News - Hydroforming.net Search - Hydroforming.net Industry - Hydroforming.net Forum - Hydroforming.net Subscription - Hydroforming.net Careers - Hydroforming.net Schedule - Hydroforming.net Home - Hydroforming.net
Hydroforming.net    
back             All rights reserved. © Hydroforming.net by Boerries Burkhardt .
   

HYDROFORMING:

Technological & Economical Aspects Page 1:

Dr.-Ing. Alfons Böhm, Siempelkamp Pressen Systeme, Krefeld
Anthony Abbey,
Siempelkamp Pahnke Engineering, Springfield

Contents

1.) Part design determines production costs: Example engine cradle
2.) How to reduce the number of production steps: Examples
3.)
Hydroforming processes and die design for high volume production
4.)
Cost studies for various part
5.)
ALLFORM Double Ram Press Systems (DRS) for high volume production
6.)
Achievable reliability and quality: Some selected aspects

1. Part Design determines production costs: Example engine cradle

Hydroforming is a comparatively new technology in its application in automotive mass production. Nevertheless an old rule is still valid: The production costs are mainly designated by the part design.
The number of applications of hydroforming processes in automotive industry especially in the field of chassis and suspension systems is growing rapidly. One of the most often applications are engine cradles (Fig. 2.1). These parts are typically produced beginning with the production steps bending, pre-forming and hydroforming. It is relative simple to decide, whether bending or hydroforming is necessary, but it is more complex to decide, whether pre-forming is necessary or not and which type of pre-forming process should be used. In the following a few general methods of pre-forming and their necessity requirements are discussed.

Benteler / Germany

Fig 2.1: Two examples produced by Hydroforming (before / after assembly)

To load the bended part into the hydroform die, all square sections of the bended tubes have to be tighter than the opening of the hydroform die. Considering the positioning tolerance of handling systems like robots or feeder systems and the bending process usually means that the gap between outer tube surface and hydroform die should be between 0,5 to 1,5 mm.
Only in the end area of the tube is the outer shape of the tube similar to the die to guarantee sealing and the possibilty of applying axial forces in the end are. Very often the necessary tube circumference and thereby the tube diameter itself has to be adjusted to the square section with the maximum expansion in the hydroform process. Three different cases can be distinguished:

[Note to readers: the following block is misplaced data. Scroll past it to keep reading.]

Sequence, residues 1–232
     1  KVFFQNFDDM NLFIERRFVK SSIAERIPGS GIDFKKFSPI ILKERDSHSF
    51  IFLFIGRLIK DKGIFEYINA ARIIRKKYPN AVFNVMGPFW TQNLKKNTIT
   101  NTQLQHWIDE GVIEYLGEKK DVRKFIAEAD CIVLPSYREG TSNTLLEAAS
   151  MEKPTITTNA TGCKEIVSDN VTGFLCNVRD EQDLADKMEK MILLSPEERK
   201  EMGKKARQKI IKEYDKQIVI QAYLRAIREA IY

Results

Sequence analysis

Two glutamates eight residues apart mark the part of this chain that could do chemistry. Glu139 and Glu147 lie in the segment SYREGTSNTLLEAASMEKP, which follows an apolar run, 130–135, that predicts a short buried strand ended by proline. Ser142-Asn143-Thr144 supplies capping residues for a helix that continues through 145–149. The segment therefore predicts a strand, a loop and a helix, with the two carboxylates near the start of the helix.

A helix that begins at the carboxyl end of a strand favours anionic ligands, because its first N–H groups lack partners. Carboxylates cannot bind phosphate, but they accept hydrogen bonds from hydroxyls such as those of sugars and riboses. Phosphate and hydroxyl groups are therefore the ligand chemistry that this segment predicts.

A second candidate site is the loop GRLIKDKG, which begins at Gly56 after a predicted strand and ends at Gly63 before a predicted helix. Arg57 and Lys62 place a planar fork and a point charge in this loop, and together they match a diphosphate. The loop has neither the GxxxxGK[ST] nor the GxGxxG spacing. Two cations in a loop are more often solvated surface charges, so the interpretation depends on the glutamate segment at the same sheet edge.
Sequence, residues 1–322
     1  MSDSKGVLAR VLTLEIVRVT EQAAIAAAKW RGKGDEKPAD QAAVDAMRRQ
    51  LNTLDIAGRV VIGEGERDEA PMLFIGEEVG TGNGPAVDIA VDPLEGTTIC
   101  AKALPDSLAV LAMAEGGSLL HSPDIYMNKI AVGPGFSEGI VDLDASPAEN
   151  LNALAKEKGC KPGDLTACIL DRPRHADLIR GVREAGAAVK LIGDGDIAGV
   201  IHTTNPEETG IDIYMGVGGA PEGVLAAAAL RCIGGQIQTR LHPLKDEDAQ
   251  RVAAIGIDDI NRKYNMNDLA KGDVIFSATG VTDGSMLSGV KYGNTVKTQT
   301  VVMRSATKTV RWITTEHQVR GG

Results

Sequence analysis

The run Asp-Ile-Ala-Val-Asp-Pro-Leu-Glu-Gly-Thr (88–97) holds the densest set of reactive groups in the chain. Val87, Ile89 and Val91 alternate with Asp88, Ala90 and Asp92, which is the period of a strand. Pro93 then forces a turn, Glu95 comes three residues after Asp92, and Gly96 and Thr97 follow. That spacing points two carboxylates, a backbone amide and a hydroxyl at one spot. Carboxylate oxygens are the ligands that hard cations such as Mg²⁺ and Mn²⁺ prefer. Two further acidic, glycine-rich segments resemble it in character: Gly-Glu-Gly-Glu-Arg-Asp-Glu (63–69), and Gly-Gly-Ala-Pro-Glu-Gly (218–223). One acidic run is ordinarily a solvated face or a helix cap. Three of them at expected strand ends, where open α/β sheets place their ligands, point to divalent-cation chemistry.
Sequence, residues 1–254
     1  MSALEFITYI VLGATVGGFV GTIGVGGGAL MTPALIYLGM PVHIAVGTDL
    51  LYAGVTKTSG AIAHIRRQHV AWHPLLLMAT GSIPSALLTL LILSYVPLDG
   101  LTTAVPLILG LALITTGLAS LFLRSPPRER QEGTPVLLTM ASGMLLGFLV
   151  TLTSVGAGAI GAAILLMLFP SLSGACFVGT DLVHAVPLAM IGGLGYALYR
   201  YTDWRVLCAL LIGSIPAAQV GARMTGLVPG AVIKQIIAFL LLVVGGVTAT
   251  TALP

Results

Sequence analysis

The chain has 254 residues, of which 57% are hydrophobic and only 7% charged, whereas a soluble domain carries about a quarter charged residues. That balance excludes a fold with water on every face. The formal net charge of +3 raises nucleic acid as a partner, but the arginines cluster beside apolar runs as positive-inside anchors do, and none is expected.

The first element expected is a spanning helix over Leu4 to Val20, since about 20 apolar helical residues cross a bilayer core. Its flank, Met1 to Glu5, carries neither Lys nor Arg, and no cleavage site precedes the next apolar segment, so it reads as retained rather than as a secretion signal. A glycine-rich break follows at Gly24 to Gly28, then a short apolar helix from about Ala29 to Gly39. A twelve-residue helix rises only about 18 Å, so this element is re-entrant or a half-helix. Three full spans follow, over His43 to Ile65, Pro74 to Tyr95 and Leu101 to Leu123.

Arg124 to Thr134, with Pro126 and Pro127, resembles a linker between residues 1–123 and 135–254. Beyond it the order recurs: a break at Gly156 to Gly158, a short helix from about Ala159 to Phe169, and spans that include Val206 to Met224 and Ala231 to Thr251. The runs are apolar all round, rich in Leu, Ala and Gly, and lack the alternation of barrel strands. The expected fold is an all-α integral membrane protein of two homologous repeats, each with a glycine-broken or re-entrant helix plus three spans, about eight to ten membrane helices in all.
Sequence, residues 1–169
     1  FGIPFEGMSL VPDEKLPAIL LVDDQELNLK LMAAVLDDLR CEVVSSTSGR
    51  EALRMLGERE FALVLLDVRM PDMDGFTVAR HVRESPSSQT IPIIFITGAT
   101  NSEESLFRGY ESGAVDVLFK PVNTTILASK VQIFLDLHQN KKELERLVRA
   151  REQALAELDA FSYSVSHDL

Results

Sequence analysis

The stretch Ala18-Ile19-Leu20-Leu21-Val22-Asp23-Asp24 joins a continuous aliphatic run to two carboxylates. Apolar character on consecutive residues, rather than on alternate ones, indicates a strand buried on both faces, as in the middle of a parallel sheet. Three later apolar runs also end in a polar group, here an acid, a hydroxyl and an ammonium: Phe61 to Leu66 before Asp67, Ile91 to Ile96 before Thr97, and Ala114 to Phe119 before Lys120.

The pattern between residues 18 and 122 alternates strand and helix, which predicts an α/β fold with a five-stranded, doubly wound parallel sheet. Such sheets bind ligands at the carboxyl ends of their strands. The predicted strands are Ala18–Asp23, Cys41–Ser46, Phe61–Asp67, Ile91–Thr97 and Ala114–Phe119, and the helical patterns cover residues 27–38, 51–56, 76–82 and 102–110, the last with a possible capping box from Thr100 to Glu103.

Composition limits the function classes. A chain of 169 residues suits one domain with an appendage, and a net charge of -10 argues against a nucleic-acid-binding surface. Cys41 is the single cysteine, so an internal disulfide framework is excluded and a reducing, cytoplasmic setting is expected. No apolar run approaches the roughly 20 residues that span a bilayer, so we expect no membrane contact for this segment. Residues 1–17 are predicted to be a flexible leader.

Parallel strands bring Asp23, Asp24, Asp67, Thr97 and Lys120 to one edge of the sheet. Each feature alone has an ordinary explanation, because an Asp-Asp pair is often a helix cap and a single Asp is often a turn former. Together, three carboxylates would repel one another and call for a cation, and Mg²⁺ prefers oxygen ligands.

Click on image for enlargement.
CASE A / Fig. 2.2.1/2:
Faultless loading of the bent tube into the hydroform die; sufficient circumferential gap around tube for safe loading. Normally in this case after bending the tube can be hydroformed without intermediate processes. This is the most economic way to produce engine cradles with hydroforming technology. During closure of the hydroform die, a slight bending in second plane of the pre-bent tube is possible.

CASE B / Fig. 2.2.1/2 Click on image for enlargement.
Case B / Fig: 2.2.2 Click on image for enlargement.
CASE B / Fig. 2.2.1/2:
After bending, loading of the pre-bent tube is not possible, because the tube width in the split plane of the hydroform die is wider than the opening of the die contour. The tube is not bent in this area. A pre-forming operation is necessary to flatten the tube in the described area. If the described area is not bent before, a simple flattening procedure is all that is necessary. Sometimes the flattening operation can be integrated in the hydroform die with so-called pusher units which are activated by special hydraulic or wedge slide units.

CASE C / Fig. 2.2.1/2 Click on image for enlargement.
Case C / Fig: 2.2.2. Click on image for enlargement.
CASE C / Fig. 2.2.1/2:
After bending a loading of the pre-bent tube is not possible for above mentioned reason but the contour of the hydroform die is tighter than the tube in a pre-bent section or in a few other areas.

In this case a flattening procedure is sometimes not possible; this leads to a pre-forming operation in a die with tapered sides; the tube can be either flattened or drawn within such an operation. The operation allows a pre-distribution of the material in a many different ways to guarantee the optimum wall thickness distribution in the hydroform process an to achieve a high variety of different square section geometries as shown in Fig. 2.3.

Bending -> Pre-forming -> Hydroforming

Click on image for enlargement.
Fig 2.3: Selected square sections of an engine cradle (steel, tube diameter 60 mm)

As an advantage in comparison to case B is that there are more possibilities to change the contour of the pre-bent tube but as a disadvantage a press operation including handling and lubrication is necessary. In comparison to case B the die contact friction is relatively high which leads to press forces in a range of about 500 to 3000 kN depending mainly on the die design, tube material and dimension.
A computer simulation shown in Fig. 2.4 shows the principle design of such a tapered pre-form die.

Click on image for enlargement.
Fig 2.4: Simulation (FEA) of tapered die pre-forming followed by hydroforming.

The first pre-forming (bending) as a detail image.

An other option to avoid the requirement for the described preforming methods is the use of oval starting tube material, the economy of such a method mainly depends on the costs of the tube material.

Select your page: (1) (2) (3) (4) (5)

With permission of Siempelkamp Pressen Systeme / Germany.
All rights are reserved.

   

Top


Last update: Januar 12, 2000
Letzte Änderung: 12 Januar 2000

Contact Us

Copyright © 1998-2000 Hydroforming.net by Boerries Burkhardt.
All rights reserved.